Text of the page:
Errol Barrow Day. January 21. Errol Barrow was a former prime minister who was instrumental in leading Barbados in its fight for independence from Britain. The day chosen is his birthday. Most businesses are closed on this day.

Good Friday. Varies. Since many Barbadians are Christian, many people will attend church services throughout the day. Some people choose to wear dark-colored clothing, as if they were in mourning. It had been an unspoken rule in the past to avoid going to the beaches on Good Friday, but in recent years, that rule has been relaxed some. Another tradition is that many people will only eat fish and no other meat on Good Friday. I could be ok with that. For a day at least.

Easter. Varies. Many church services are offered on Easter Sunday. People will wear their best and brightest outfits, and spend the day with friends and family. Lavish meals are shares by everyone.

Easter Monday. Varies. Most businesses are closed on Easter Monday, and people usually spend this day to relax and rest up from the festivities of the days before. I wish we had Easter Monday off, because it's ALWAYS needed. Kite flying is popular around Easter, so it's common to see people flying kites on beaches and other open spaces.

National Heroes Day. April 28. This is a day in honor of ten national heroes in Barbadian history. Statues were enacted in their honor in Heroes Square in Bridgetown. Each of these heroes are given the title "The Right Excellent," a moniker worthy of Bill and Ted.

Labour Day. May 1. Labour Day in Barbados is celebrated on the same day Britain and many other countries do. There are programs designed for labor organizations and work developments.

Whit Monday. Varies. Whit Monday is the day after the beginning of Pentecost. Barbados is one of the few countries that declared Whit Monday a public holiday where most businesses are closed for the day. Churches may have services held throughout the day.

Emancipation Day. August 1. This day is in commemoration of the end of slavery. A name that commonly pops up is that of Bussa (one of the ten heroes honored on Heroes Day), a slave who led an uprising that eventually resulted in emancipation. Programs, educational displays, and the Emancipation Day Walk takes place, along with eating African food and other delicacies shared with friends and family.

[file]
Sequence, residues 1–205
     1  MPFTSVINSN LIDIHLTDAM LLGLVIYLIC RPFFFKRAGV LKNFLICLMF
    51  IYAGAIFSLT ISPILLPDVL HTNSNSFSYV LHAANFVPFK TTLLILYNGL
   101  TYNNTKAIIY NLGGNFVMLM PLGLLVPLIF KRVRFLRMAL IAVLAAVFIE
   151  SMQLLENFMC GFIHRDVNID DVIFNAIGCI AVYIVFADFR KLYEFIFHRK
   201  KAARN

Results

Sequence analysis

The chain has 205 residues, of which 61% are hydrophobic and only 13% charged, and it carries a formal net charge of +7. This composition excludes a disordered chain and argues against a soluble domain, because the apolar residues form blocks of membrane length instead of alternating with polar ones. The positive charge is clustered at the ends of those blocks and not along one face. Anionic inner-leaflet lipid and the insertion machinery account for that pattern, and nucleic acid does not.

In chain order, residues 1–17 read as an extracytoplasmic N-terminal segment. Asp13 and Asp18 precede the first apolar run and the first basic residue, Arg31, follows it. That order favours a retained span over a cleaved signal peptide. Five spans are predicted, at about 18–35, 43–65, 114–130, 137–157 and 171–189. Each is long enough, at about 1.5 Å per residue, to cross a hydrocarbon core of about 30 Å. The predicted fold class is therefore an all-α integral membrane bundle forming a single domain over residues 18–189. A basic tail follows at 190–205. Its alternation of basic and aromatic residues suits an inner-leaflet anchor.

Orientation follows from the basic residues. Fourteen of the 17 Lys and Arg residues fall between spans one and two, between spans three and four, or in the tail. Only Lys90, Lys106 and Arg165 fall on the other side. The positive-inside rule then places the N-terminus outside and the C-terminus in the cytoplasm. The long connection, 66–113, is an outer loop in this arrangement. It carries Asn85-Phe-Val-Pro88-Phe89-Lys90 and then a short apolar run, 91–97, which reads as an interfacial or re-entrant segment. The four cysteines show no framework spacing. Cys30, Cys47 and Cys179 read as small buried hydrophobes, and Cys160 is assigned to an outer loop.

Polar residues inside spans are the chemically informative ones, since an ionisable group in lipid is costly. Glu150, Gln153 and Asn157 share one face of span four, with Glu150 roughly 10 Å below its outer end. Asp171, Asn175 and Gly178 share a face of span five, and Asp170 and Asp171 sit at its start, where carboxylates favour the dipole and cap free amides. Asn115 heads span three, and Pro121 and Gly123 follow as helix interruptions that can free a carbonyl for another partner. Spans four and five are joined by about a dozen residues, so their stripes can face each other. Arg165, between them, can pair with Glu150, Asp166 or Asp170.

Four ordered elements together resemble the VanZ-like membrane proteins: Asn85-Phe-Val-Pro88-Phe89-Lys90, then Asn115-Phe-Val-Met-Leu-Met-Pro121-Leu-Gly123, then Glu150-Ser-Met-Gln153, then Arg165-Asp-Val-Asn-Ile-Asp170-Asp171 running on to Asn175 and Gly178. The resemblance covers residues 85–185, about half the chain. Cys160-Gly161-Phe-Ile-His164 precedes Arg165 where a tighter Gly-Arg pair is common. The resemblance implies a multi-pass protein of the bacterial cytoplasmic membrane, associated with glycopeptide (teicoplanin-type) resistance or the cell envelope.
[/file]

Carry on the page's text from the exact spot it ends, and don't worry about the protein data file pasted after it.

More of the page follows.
Kadooment Day. 1st Monday in August. Kadooment Day is the final day of the Crop Over festival. Originally, it was a festival with the idea in mind that at the end of the harvest, a certain amount of the crop was given to the gods. Their hopes of appeasing the gods who would in turn provide good luck and keep evil spirits away. This festival also entails costumes and dancing and music in the streets. Apparently in order to masquerade in the streets, you have to register in a "costume band" and pay to participate. If you aren't registered and dress up anyway, then you can be fined, jailed, or both. (I hope someone can verify this for me; that sounds tough). Now, you can always be a spectator for free. And I like free.

Independence Day. November 30. Barbados became independent of British rule in 1966. They celebrate it with parades and picnics, and in the evening there are fireworks displays. (However, fireworks displays must only be put on by licensed pyrotechnicians.) Flags and national symbols are displayed throughout cities and towns; homes, businesses, and people are decked out in blue and gold.

Christmas Day. December 25. Colorful lights are strung from buildings and decorate the streets and public areas. Santa Claus and Frosty the Snowman also makes their appearances around the island (Santa, I understand, but Frosty surprised me, considering I doubt Barbados had ever seen snow.) There are parades that are sponsored where people drive trucks through the streets that are decorated, some with choirs singing carols and such. They do put out poinsettias around this time of year, much like we do in the US. And of course, it's also a time to spend with friends and family, gift-giving, and a lot of savory food.

Boxing Day. December 26. Britain and most of its former British colonies celebrate Boxing Day. (Minus the US. We are also, for some reason, one of the few former British colonies that never jumped on the cricket bandwagon.) Boxing Day is basically a coveted date with you and your credit card, madly grabbing at huge shopping sales like a Lucy in the chocolate factory. It's been likened to the insanity of Black Friday in the US (the day after Thanksgiving and official first day of the Christmas shopping season that I personally liken to French kissing the bubonic plague). For those who aren't insane, Boxing Day is also a popular sports-watching day, including the ever-popular International Triple Crown horseracing event.